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The concept gained more popularity during the Covid-19 pandemic, as lockdowns pushed more and more people to share online spaces for longer hours. The successful development of the metaverse is expected to be driven by augmented and virtual reality (AR/VR) gadgets, which act at the experiential layer.
Since the launch of the NFT marketplace in June 2021, Binance NFT has provided a platform for not only artists but also top game developers, welcoming new gaming projects every month to overwhelmingly positive reception, from gaming collections to NFT Metaverse items. Due to the positive response from users, the team recently launched the first-ever Initial Game Offering (IGO) as part of a vision to build a home for NFT gaming, but most importantly, a step forward into the Gaming Metaverse.
There is a digital assets revolution going on—from decentralised finance (DeFi) to non-fungible tokens (NFTs) and the evolving concept of the metaverse—and its proponents say it will remake the world as we know it.
Post something on social media and it automatically gets converted to a non-fungible token (NFT) and you can sell it to earn some crypto money. The process of creating and selling NFTs has become this simple on a new social network called Woonkly. There’s a lot that Woonkly is attempting to do, calling itself a “decentralised Social Network based on NFTs”.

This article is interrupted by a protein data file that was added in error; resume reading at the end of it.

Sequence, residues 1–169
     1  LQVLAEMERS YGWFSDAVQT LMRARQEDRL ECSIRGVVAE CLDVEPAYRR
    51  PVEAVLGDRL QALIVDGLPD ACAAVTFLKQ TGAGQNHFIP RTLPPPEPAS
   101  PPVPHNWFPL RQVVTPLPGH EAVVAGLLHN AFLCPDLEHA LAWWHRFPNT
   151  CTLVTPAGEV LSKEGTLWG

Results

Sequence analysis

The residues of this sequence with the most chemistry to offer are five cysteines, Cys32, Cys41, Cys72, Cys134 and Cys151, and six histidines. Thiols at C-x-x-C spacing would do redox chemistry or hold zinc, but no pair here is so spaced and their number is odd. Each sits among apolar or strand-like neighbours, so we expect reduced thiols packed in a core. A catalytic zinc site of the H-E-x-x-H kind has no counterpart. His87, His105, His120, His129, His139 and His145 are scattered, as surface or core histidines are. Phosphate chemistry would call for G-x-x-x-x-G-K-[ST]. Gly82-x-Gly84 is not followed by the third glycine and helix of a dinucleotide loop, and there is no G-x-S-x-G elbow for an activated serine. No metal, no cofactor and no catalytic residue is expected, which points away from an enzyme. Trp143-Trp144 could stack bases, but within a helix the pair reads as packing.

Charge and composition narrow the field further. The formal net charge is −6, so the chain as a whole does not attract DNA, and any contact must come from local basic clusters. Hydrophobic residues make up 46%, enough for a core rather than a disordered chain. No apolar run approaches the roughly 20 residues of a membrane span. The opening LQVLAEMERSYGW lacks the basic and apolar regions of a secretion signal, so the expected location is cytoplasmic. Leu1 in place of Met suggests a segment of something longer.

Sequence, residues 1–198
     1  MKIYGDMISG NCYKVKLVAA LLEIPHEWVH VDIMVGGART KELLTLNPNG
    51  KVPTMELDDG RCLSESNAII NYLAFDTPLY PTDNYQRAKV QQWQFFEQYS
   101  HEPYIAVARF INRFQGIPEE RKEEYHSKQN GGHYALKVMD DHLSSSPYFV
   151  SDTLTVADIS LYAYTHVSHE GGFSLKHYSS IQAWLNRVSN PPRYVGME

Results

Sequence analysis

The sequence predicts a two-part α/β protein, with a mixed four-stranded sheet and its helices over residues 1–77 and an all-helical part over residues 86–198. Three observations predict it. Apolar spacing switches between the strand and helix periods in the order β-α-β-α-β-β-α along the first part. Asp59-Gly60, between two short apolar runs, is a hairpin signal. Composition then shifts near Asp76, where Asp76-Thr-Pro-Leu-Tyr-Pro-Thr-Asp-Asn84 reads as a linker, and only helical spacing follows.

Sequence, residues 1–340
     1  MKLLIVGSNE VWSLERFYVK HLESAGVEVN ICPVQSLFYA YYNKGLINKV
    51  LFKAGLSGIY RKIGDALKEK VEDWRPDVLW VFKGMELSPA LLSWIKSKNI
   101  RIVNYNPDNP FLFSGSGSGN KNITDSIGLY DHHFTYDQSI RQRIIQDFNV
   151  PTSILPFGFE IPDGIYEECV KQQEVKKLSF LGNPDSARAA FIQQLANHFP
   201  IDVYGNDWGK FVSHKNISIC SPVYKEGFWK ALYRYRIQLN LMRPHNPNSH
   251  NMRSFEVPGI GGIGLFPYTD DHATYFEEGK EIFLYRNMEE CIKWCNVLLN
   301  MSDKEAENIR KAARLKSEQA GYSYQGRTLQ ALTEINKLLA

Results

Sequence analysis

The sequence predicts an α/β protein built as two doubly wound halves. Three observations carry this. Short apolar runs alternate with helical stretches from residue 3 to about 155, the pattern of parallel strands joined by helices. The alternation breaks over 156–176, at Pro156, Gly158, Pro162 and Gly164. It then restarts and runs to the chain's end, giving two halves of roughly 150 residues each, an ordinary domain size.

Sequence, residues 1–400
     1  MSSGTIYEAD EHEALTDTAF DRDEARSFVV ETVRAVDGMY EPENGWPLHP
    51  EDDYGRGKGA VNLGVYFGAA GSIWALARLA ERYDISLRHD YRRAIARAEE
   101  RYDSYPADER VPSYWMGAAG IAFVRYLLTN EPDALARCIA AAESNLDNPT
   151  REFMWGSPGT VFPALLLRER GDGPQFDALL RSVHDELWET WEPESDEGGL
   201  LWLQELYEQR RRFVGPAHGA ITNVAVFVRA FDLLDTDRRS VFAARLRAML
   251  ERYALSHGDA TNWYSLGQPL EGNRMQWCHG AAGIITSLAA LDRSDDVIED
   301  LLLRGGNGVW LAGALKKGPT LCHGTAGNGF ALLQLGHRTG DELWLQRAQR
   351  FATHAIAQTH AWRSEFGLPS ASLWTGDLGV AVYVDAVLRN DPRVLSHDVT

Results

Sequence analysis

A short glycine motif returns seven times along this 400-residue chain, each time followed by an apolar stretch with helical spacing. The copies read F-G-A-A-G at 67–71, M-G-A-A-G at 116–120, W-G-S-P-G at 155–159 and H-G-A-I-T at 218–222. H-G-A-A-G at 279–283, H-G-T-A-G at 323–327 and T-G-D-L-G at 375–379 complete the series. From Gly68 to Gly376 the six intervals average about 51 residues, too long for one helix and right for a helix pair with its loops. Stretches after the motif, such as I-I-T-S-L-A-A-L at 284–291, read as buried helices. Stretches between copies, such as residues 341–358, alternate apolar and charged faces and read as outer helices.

Sportswear brand Adidas Originals has joined several other lifestyle labels to step into the metaverse. The company has partnered with two players of the non-fungible tokens (NFTs) space — Bored Ape Yacht Club, and Pixel Vaults Punks Comic, along with inking a deal with crypto investor Gmoney for its metaverse entry. The sportswear brand described the metaverse as a “world of limitless possibilities” after it changed the profile picture of the official Twitter handle with that of a Bored Ape image.
Amrit Pal Singh has spent 40 ether, or $125,000 at the time, buying NFTs, or nonfungible tokens, of art to display in the metaverse. As a designer and illustrator himself, Singh began to sell his own art as NFTs in February, and within two months, “I saw the potential of owning digital land in the metaverse,” the 32-year-old tells CNBC Make It.